EL CENTRO, Calif. – Brawley High School students got to shoot and interview somebody on Wednesday morning. They did it just like journalists in the field do, with cameras and microphones.
The hands-on experience will help aspiring student-journalists while also help the school get a grant to start new journalism classes.
Jose Flores, Civics and History teacher at Brawley High School, said, “We’ve entered into a partnership with Renaissance Journalism from San Francisco State University. We were approached to be a possible candidate for a grant. We’re trying to get students to have a voice in the valley through journalism.”
Renaissance Journalism is a program run by San Francisco State University’s department of journalism. According to their website, they provide grants to journalists and organizations involved in journalism.
“We were asked to do a pilot program for first semester with Civics and U.S. History classes. And if successful, then it can be replicated in other high schools throughout the valley. The money would come from non-profit organizations and they would decide which students would be possible candidates to go to San Francisco for two weeks.”
Flores said he has five classes and there are about three or four students per class that show genuine interest in journalism. He said he hopes others will eventually gravitate towards journalism as they know more about what it actually is.
Students expressed their interest in journalism and as they were practicing by interviewing each other. They also shared their interest in other areas important to them.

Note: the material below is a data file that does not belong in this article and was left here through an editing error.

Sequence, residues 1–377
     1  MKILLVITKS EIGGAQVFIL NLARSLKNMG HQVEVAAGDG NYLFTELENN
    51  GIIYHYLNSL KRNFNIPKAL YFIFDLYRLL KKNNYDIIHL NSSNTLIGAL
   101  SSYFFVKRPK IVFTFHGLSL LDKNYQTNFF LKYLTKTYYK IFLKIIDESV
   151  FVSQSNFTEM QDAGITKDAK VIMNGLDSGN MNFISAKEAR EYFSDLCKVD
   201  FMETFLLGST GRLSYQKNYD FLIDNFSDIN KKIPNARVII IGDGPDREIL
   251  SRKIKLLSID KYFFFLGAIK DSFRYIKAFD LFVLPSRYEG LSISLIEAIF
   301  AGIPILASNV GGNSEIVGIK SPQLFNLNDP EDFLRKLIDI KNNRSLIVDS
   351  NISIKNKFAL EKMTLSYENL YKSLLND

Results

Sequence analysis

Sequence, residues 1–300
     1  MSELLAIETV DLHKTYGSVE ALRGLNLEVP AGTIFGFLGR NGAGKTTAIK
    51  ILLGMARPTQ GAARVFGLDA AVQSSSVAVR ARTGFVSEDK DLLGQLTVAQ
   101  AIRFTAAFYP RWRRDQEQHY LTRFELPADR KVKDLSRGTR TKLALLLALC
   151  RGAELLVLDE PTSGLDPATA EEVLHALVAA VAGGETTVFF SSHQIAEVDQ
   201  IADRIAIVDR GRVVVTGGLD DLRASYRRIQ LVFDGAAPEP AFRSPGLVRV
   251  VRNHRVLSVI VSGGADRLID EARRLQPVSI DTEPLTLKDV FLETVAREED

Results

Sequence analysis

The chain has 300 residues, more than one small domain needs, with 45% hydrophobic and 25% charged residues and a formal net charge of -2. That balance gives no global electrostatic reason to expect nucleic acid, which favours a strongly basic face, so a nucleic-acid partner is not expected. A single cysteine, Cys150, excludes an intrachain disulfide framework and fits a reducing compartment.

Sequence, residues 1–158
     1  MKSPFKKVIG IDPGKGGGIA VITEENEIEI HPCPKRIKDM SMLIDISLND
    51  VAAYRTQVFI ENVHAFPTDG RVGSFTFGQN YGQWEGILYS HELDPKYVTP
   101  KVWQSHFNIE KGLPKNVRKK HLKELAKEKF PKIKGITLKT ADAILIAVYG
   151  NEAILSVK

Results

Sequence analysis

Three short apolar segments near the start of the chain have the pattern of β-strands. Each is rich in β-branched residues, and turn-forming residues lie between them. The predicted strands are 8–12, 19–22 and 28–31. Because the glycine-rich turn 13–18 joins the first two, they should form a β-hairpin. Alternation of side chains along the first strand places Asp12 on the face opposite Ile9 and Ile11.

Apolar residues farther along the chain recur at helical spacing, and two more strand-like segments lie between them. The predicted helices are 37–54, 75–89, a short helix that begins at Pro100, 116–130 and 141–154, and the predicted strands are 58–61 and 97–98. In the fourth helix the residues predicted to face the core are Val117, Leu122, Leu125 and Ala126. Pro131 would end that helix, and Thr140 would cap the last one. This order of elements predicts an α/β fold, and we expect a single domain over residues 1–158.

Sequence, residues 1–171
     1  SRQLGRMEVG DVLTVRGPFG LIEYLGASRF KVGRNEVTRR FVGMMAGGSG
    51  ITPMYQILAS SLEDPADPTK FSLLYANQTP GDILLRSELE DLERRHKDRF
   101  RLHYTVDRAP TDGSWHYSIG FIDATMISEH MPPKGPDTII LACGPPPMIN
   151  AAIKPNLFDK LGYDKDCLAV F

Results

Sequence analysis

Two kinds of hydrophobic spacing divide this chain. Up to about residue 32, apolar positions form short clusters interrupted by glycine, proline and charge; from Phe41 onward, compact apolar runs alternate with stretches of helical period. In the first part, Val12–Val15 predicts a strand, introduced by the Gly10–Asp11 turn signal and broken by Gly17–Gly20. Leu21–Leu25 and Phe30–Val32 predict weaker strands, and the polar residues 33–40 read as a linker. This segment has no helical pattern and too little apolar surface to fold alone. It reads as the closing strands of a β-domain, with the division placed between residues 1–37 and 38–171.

Genesis Barnes, a Brawley High School student, said, “Personally, I like to write about anything. Everything is just interesting. Everything catches my attention. Whether it’s music or current events that could possibly be boring for some people but interesting to me.”
Mario Madriz said he wanted to open his own business. “I want to start a company up called strictly rude. It’s a skate boarding company. I’ll make apparel and skate wear. I’m actually in the middle of filming a video part about it right now.”
Manuel Collado, another student, said, “Recently, I’ve been doing a lot of paintwork but, I’ve always done pencil sketches. I like to do portraits.”
Flores has been reaching out to local journalists and organizations to help him meet the grant requirements of exposing his students to various forms of journalism. He said he hopes these workshops and the interest of his students in journalism will help the school qualify for the grant.